21 October 2016
After the court convicted the employer of Erwiana (inset) of abuse, Secretary for Labour and Welfare Matthew Cheung said the government will launch a set of working guidelines for domestic helper agencies within this year. Photos: HKEJ, AFP
After the court convicted the employer of Erwiana (inset) of abuse, Secretary for Labour and Welfare Matthew Cheung said the government will launch a set of working guidelines for domestic helper agencies within this year. Photos: HKEJ, AFP

Time to regulate foreign domestic helper agencies

Last month, an Indonesian maid was killed by a concrete block which fell on the balcony of her employment agency’s hostel where she was sleeping. 

It is said that the victim first came to Hong Kong to work two years ago, returned to Indonesia after her contract was over, and came back recently after she found a new employer.

It was during her stay at the hostel to wait for her working visa that the accident happened. The tragedy not only exposed the problem of the lack of insurance protection for foreign domestic helpers (FDHs) before the start of their contracts, but also revealed the serious loopholes in the existing law that is supposed to regulate employment agencies through which local families recruit FDHs.

Most FDHs working in Hong Kong are recruited through these employment agencies. Under the current Employment Ordinance and the Employment Agency Regulations, employment agencies are allowed to charge 10 percent out of the helper’s first monthly salary as commission.

However, undercover investigations have found that many employment agencies in fact charge a lot higher than that, some even up to HK$21,000.

What is more, despite the high commission they charge, many employment agencies fail to provide proper service and protection for FDHs and their employers.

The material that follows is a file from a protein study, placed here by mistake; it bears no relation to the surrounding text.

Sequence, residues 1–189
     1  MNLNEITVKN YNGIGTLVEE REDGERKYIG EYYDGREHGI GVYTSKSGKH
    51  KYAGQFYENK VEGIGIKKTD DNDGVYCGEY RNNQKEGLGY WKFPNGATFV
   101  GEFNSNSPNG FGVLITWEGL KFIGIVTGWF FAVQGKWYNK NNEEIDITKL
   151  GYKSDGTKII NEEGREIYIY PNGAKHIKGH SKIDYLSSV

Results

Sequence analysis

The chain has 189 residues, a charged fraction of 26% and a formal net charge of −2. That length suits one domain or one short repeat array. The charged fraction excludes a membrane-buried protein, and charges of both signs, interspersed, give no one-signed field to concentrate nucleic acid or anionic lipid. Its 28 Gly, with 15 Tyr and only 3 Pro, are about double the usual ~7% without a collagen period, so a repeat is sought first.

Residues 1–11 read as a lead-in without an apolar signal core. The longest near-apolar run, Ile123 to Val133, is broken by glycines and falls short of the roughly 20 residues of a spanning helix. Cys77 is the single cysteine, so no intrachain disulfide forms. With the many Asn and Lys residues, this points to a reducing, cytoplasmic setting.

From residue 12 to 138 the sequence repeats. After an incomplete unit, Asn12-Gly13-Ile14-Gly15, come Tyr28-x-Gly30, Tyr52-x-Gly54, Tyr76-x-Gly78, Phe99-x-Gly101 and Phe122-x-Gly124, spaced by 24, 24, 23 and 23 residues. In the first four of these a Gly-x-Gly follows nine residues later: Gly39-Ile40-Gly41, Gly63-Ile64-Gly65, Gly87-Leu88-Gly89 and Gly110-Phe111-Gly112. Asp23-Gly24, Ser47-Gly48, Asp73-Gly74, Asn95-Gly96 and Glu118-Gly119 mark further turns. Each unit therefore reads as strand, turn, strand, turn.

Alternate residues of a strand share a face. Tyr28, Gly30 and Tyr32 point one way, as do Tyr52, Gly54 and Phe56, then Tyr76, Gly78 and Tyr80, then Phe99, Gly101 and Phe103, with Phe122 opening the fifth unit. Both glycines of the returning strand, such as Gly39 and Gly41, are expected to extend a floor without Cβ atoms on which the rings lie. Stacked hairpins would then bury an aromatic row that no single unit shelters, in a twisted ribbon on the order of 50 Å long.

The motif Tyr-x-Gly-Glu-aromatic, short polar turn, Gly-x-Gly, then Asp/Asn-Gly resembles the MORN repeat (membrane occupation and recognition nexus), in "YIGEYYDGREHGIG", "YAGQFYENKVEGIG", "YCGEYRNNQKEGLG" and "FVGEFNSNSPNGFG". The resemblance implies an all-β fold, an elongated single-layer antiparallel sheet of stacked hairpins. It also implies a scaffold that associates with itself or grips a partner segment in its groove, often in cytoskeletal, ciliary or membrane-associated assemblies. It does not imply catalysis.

While waiting for the approval of their working visas or the start of their job, most FDHs are made to stay in hostels provided by their employment agencies, and they have to pay about HK$50 a day for the accommodation.

The living and hygienic conditions at these so-called hostels are often appalling, with dozens of people squeezed into a tiny room of no more than 100 square feet with only one kitchen and toilet.

Those staying in these hostels are not insured because their contracts with their new employers have not officially started yet, and employment agencies are not legally obligated to provide insurance for them either.

During this period, they have no protection if they get injured or sick. On the other hand, when FDHs face exploitation or even ill-treatment by their new employers, most employment agencies tend not to intervene. They usually tell the FDHs to put up with the misery so they can pay off their referral fees on time.

Basically, the majority of FDHs in Hong Kong have no one to turn to for help in case of unfair treatment by their employers.

The case of Erwiana Sulistyaningsih might be an extreme case, but it might also be just a tip of the iceberg. Many other FDHs could be suffering similar abuses or ill treatment from their employers, although not as severe as what Erwiana has gone through.

Not only do employment agencies fail to look after the rights of FDHs, many of them also fail to provide proper service to FDH employers.

The Consumer Council received nearly 800 complaints against these employment agencies between 2009 and 2012. Many of the complainants found that the FDHs they employed simply didn’t match the descriptions provided by the employment agencies, and some suspected that the employment agencies had deliberately lied to them about the FDHs’ work experience.

In fact, there are a lot of grey areas in the existing Employment Agency Regulations, and many employment agencies simply exploit the legal loopholes and continue to make money through unethical practices.

What the government should do right now is review the Employment Agency Regulations and tighten licensing and registration requirements for employment agencies specializing in FDHs, so as to offer better protection for the rights of both employers and FDHs.

After Erwiana’s case was uncovered, Secretary for Labour and Welfare Matthew Cheung Kin-chung promised to tighten regulations on these agencies, and study the feasibility of introducing new licensing requirements.

However, one year has passed, and the government has yet to deliver its promise. It still owes the public an answer as to when and how it is going to tighten regulations on FDH employment agencies.

This article first appeared in the Hong Kong Economic Journal on April 13.

Translation by Alan Lee

[Chinese version 中文版]

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Policy research officer at Hong Kong Catholic Commission For Labour Affairs

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